In Canada, where cattle ranching is prevalent and it’s common to castrate young male animals, Rocky Mountain oysters are called “prairie oysters.” They’re popular also in Spain, Mexico, and Argentina, where they’re referred to as “criadillas” or “huevos de toro.” There are other terms for the dish, including “cowboy caviar,” “dusted nuts,” and “swinging beef.” Because there just aren’t enough terms.

Tell me, would you eat Rocky Mountain oysters?

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Yes, But Would You Eat It? “Q” is for Quark


Welcome to the Blogging from A to Z Challenge! Each day in April (except Sundays) I’ll be posting about unusual and exotic foods.

photo from commons.wikimedia.org

Quark is also referred to as quarg. It’s a dairy product that’s made by warming soured milk. Once it’s curdled, it is strained. Quark is soft and white, and is not aged as other cheeses are. It’s mostly found in German-speaking, Slavic, and Scandinavian countries.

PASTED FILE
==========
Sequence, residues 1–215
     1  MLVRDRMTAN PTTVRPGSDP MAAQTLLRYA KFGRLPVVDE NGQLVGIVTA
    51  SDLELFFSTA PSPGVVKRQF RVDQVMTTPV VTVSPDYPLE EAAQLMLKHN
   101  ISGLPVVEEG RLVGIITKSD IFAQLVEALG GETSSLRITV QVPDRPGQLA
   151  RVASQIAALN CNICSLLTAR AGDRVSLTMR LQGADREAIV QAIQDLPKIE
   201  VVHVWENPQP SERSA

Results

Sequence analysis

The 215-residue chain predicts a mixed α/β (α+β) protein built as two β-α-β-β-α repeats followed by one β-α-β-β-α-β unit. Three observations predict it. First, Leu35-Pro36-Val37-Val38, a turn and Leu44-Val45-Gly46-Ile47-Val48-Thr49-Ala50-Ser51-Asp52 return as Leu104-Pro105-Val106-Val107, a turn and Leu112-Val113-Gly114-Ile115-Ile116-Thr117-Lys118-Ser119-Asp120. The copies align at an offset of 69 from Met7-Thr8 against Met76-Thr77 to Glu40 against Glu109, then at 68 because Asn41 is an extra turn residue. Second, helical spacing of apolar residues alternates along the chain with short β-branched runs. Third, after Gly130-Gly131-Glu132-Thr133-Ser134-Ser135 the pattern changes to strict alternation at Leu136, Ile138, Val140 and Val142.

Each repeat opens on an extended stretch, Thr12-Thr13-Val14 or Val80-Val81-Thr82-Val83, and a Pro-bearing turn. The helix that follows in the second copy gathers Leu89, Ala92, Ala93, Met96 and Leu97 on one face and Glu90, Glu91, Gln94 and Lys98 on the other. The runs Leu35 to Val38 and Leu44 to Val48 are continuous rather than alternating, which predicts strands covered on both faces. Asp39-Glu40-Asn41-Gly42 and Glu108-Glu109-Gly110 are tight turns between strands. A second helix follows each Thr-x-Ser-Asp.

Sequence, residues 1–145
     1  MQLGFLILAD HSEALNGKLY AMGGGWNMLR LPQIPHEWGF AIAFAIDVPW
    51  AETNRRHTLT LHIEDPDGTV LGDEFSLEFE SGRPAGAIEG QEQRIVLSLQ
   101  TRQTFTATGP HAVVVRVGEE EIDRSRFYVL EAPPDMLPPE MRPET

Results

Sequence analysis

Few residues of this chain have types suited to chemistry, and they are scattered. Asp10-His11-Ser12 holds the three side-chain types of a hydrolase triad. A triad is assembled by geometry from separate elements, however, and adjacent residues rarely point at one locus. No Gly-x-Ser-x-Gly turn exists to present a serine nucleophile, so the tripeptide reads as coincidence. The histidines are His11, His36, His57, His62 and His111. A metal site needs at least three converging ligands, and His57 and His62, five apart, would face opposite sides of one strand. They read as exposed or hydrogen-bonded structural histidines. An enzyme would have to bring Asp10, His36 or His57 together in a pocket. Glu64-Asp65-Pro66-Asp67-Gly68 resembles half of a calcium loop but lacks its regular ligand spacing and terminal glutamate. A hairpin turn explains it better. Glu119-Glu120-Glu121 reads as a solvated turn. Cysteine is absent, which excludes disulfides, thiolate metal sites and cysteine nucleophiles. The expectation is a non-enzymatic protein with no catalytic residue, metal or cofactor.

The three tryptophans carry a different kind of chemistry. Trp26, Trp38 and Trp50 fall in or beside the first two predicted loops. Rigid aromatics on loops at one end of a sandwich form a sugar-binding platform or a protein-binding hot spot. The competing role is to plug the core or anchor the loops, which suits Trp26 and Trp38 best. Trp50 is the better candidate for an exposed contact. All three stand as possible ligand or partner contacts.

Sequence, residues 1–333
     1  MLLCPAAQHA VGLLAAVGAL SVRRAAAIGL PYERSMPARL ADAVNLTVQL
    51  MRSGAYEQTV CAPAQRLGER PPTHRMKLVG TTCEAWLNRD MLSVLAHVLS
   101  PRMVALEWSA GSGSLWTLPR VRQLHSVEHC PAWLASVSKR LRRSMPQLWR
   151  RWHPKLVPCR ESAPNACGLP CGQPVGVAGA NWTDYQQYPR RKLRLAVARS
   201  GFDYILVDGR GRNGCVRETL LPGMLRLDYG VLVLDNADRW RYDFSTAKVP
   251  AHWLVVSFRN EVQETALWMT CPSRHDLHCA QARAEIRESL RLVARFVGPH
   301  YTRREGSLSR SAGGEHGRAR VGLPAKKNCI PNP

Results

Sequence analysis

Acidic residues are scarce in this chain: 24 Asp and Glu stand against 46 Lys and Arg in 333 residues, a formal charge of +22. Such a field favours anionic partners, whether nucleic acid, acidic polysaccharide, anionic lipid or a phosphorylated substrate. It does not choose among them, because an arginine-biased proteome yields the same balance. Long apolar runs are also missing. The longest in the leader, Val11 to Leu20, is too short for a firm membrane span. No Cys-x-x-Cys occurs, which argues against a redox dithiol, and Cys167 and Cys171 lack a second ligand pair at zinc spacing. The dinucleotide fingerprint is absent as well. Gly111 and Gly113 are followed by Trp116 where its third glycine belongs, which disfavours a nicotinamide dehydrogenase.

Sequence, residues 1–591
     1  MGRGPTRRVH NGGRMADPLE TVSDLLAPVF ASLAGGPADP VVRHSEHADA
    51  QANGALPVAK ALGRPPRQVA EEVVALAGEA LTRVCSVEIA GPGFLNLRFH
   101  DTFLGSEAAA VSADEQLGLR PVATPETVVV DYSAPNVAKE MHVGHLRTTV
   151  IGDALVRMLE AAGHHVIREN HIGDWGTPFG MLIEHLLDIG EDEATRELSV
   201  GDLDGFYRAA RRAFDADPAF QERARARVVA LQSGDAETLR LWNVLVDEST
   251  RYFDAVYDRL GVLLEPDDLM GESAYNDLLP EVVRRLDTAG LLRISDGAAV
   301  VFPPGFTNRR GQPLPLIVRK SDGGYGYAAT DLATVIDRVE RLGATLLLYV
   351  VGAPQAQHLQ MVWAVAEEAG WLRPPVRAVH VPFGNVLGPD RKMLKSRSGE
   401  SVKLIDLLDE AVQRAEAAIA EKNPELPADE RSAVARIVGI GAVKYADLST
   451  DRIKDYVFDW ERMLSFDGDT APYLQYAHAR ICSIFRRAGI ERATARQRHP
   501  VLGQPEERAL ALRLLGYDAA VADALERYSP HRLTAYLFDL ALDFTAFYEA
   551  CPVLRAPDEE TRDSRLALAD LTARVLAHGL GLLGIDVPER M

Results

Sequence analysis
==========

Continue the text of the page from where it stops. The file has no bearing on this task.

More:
Quark is similar to what is known as fromage blanc in France, paneer in India, and queso fresco in some Latin American countries.

Here’s a simple way to make quark:

Don’t be afraid of the quark! Would you eat it?

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Yes, But Would You Eat It? “P” is for Pandoro


Welcome to the Blogging from A to Z Challenge! Each day in April (except Sundays) I’ll be posting about unusual and exotic foods.

photo from commons.wikimedia.org

I don’t know about you, but I needed a break from the sheep heads and mucilaginous vegetables! How about a slice of pandoro?